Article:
Many of my clients say, “I am so stressed…” Stress comes in lots of forms. Some stress is good and helps us perform better—like meeting a deadline on time. Other types of stress have the opposite effect on us and we perform poorly. When clients bring up stress, questions I typically ask include: What are you doing to reduce the stress? How will you do that? Who will you communicate to? This last question is critical to successfully reducing stress. I’m finding a common pattern among clients when they admit they are stressed. If the client identifies a game plan and communicates the plan with a trusted person, the client typically a) implements the changes to help reduce the stress, and b) has a powerful conversation that helps both people.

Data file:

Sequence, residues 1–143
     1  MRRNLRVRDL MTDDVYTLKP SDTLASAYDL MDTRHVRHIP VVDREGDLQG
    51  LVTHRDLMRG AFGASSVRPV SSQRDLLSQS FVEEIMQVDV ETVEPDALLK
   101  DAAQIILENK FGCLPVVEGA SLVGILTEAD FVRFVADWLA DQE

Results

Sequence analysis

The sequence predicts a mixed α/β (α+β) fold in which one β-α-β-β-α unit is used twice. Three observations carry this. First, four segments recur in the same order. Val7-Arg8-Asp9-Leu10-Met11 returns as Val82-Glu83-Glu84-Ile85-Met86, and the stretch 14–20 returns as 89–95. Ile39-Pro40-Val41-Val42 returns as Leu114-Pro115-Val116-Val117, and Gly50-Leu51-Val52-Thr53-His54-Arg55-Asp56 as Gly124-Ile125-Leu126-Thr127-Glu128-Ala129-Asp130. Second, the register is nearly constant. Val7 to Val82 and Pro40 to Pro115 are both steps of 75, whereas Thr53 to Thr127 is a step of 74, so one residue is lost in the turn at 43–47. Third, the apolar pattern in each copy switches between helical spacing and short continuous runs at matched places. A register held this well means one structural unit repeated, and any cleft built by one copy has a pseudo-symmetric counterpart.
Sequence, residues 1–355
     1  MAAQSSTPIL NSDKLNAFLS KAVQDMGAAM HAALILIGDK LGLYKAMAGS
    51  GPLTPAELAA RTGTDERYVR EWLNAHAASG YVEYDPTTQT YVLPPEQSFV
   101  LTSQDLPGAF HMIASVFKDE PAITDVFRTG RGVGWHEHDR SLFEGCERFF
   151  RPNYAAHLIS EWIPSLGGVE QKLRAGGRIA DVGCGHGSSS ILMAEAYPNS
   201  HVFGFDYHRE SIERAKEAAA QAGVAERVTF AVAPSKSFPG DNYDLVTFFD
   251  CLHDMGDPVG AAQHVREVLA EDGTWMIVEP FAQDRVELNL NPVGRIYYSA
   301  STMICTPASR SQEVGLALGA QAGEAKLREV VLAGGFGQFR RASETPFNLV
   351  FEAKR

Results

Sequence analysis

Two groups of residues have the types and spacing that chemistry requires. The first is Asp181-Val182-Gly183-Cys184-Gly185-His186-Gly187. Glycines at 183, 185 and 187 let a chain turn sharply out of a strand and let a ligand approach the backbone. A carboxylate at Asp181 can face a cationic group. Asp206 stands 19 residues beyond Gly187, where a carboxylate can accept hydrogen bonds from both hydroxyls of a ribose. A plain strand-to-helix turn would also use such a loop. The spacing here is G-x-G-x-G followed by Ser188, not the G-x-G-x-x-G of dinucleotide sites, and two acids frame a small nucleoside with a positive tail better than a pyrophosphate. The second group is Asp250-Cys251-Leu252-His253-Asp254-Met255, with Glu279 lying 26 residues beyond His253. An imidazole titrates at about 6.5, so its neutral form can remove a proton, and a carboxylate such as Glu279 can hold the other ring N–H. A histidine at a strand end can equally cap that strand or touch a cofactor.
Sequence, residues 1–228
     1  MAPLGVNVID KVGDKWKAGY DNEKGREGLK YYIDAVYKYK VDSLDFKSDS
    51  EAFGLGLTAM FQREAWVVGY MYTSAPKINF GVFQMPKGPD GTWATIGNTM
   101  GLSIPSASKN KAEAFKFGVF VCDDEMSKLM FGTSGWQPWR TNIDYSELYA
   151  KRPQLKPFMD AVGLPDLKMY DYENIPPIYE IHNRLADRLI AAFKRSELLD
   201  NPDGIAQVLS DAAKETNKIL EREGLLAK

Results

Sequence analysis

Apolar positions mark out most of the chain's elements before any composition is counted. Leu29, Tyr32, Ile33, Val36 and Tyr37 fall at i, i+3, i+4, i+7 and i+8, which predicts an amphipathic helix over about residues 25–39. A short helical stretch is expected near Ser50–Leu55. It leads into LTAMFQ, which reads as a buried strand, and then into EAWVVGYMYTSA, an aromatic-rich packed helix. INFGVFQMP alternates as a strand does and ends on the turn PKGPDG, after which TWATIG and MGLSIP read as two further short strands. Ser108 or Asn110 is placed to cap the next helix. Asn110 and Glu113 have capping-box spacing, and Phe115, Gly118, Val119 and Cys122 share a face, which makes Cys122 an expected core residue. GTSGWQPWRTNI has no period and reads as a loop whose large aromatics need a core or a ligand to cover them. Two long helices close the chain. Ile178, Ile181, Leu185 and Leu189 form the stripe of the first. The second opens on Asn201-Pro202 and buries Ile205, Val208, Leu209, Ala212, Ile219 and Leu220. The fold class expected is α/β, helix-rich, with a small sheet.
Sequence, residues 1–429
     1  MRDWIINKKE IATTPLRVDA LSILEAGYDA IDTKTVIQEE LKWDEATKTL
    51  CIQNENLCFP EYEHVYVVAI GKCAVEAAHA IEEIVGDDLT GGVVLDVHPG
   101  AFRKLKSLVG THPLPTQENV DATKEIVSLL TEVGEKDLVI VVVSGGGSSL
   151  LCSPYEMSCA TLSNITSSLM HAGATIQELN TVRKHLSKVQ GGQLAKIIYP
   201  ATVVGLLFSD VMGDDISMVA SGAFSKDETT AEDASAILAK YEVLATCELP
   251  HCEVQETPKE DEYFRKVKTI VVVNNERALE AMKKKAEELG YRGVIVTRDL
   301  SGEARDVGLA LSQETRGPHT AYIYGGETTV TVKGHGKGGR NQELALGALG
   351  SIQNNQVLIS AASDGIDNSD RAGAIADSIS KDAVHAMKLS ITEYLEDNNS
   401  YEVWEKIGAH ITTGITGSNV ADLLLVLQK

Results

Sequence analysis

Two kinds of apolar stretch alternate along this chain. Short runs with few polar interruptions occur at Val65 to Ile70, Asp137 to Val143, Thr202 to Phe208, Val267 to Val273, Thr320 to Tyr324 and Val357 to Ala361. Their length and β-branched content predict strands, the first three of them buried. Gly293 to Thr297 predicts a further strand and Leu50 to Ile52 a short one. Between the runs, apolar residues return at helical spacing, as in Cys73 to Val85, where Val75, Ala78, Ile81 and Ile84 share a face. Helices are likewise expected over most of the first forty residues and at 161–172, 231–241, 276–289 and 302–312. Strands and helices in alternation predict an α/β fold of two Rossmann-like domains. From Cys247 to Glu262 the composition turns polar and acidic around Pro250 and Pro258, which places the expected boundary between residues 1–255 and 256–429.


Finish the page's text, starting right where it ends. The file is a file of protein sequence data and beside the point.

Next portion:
When you are stressed, what gets in your way of stopping and communicating to someone you trust? Maybe it’s because you think those closest to you understand what you are thinking and know you better than anyone else. Maybe it’s because you think someone else has it worse than you do, so you aren’t willing to share your concerns about what is stressful. Whatever the reasons, I want to share a few tips to help you when you are stressed.
Stressed? Feel and Stop. If you are feeling stressed, stop and become aware. A good practice is to write or journal what is causing the stress. Where is it coming from? Have you ever experienced this cause of stress before? If so, what makes it different this time? How do you think it can it be reduced? For example, one of my clients was very stressed about her work and the amount of time she was spending at work well into the evenings. After journaling for just one week, she quickly noticed that her stress was actually coming from her children. Because she stopped and journaled, she was able to notice what was causing the stress and increased her one-on-one time with her kids.